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THE ETERNAL PURPOSE

By Watchman Nee


      We have spoken of the need of revelation, of faith and of consecration, if we are to live the normal Christian life. But unless we see the end God has in view we shall never clearly understand why these steps are necessary to lead us to that end. Before therefore we consider further the question of inward experience, let us first look at the great Divine goal before us.

      What is God's purpose in creation and what is His purpose in redemption? It may be summed up in two phrases, one from each of our two sections of Romans. It is: " The glory of God " (Romans 3. 23), and " The glory of the children of God " (Romans 8. 2 1).

      In Romans 3. 2 3 we read: "All have sinned, and fall short of the glory of God ". God's purpose for man was glory, but sin thwarted that purpose by causing man to miss God's glory. When we think of sin we instinctively think of the judgment it brings ; we invariably associate it with condemnation and hell. Man's thought is always of the punishment that will come to him if he sins, but God's thought is always of the glory man will miss if he sins. The result of sin is that we forfeit God's glory: the result of redemption is that we are qualified again for glory. God's purpose in redemption is glory, glory, glory.

      FIRSTBORN AMONG MANY BRETHREN

      This consideration takes us forward into Romans chapter 8 where the topic is developed in verses 16 to 18 and again in verses 29 and 30. Paul says: " We are children of God: and if children, then heirs; heirs of God, and joint-heirs with Christ; if so be that we suffer with him, that we may be also glorified with him. For I reckon that the sufferings of this present time are not worthy to be compared with the glory which shall be revealed to us-ward " (Romans 8. 16 18) ; and again : " Whom he foreknew, he also foreordained to be conformed to the image of his Son, that he might be the firstborn among many brethren: and whom he foreordained, them he also called: and whom he called, them he also justified: and whom he justified, them he also glorified" (Romans 8. 29, 30). What was God's objective? It was that His Son Jesus Christ might be the firstborn among many brethren, all of whom should be conformed to His image. How did God realise that objective? " Whom he justified, them he also glorified." God's purpose, then, in creation and redemption was to make Christ the firstborn Son among many glorified sons. That may perhaps at first convey very little to many of us, but let us look into it more carefully.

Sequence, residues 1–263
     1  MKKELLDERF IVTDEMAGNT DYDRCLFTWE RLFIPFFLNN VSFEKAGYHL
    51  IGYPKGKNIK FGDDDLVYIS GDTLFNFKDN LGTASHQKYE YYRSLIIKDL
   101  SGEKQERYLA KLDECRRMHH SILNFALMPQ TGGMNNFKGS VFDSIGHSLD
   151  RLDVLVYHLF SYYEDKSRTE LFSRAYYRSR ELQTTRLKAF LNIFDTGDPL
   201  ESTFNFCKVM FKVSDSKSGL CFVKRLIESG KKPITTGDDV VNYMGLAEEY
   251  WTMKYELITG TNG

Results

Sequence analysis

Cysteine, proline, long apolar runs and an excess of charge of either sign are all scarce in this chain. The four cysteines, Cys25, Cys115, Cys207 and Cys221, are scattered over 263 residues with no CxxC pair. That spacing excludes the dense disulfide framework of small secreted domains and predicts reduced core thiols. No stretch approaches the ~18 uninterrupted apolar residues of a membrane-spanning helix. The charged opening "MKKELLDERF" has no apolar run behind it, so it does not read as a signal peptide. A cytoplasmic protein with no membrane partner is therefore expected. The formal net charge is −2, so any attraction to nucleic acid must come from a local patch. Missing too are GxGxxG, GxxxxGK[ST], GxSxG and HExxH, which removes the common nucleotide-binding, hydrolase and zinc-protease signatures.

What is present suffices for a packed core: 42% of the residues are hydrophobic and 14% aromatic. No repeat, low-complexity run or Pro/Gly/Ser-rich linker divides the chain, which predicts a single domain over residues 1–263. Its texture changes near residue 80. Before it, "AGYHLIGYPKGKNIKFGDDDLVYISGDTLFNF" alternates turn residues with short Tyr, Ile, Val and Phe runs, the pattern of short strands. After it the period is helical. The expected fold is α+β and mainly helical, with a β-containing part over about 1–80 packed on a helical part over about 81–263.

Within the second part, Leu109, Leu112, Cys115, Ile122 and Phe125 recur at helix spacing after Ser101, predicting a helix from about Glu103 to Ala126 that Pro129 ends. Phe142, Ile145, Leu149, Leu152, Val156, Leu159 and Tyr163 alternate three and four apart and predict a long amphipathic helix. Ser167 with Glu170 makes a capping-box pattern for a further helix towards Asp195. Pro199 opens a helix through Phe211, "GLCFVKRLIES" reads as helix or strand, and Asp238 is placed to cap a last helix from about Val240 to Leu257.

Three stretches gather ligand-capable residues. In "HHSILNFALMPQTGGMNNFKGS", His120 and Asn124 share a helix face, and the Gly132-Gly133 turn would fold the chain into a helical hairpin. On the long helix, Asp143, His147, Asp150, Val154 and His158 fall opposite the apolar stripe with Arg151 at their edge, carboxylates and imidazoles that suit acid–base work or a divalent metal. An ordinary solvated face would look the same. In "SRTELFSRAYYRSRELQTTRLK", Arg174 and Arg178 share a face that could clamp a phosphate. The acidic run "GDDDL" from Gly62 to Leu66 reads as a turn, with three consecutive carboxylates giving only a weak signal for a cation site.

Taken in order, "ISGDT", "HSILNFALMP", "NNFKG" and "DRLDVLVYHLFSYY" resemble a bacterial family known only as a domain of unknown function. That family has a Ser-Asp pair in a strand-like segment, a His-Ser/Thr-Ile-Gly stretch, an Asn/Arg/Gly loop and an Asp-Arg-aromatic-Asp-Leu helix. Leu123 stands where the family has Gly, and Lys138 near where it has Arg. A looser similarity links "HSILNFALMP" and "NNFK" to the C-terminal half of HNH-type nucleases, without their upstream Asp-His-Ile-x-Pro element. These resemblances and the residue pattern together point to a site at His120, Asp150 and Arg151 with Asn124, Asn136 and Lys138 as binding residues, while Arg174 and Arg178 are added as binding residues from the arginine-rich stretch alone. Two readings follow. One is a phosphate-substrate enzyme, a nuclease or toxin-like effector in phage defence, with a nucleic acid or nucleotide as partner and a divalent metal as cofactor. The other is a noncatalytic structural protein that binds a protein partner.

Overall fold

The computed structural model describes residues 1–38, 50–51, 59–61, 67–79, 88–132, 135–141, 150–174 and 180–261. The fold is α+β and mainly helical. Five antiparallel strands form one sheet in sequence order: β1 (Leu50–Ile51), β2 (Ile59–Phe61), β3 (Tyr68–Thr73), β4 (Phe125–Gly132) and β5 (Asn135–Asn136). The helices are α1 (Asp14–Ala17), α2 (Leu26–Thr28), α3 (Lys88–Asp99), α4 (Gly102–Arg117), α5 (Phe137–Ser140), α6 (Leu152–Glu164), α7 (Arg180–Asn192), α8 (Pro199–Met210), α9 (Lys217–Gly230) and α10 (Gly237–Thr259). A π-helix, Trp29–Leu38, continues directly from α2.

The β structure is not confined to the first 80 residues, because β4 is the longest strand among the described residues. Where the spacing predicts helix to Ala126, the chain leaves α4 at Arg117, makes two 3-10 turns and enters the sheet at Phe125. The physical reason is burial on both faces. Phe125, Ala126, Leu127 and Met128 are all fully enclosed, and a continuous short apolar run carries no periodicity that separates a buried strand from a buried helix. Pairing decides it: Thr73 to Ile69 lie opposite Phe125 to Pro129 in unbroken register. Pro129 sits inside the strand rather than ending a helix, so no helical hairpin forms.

In John 1. 14 we are told that the Lord Jesus was God's only begotten Son: " The Word became flesh, and dwelt among us (and we beheld his glory, glory as of the only begotten from the Father)". That He was God's only begotten Son signifies that God had no other Son but this one. He was with the Father from all eternity. But, we are told, God was not satisfied that Christ should remain the only begotten Son; He wanted also to make Him His first begotten. How could an only begotten Son become a first begotten? The answer is simple: by the Father having more children. If you have but one son then he is the only begotten, but if thereafter you have other children then the only begotten becomes the first begotten.

      The Divine purpose in creation and redemption was that God should have many children. He wanted us, and could not be satisfied without us. Some time ago I called to see Mr. George Cutting, the writer of the wellknown tract Safety, Certainty and Enjoyment. When I was ushered into the presence of this old saint of ninetythree years, he took my hand in his and in a quiet, deliberate way he said: 'Brother, do you know, I cannot do without Him? And do you know, He cannot do without me?' Though I was with him for over an hour, his great age and physical frailty made any sustained conversation impossible. But what remains in my memory of that interview was his frequent repetition of these two questions: 'Brother, do you know, I cannot do without Him? And do you know, He cannot do without me?'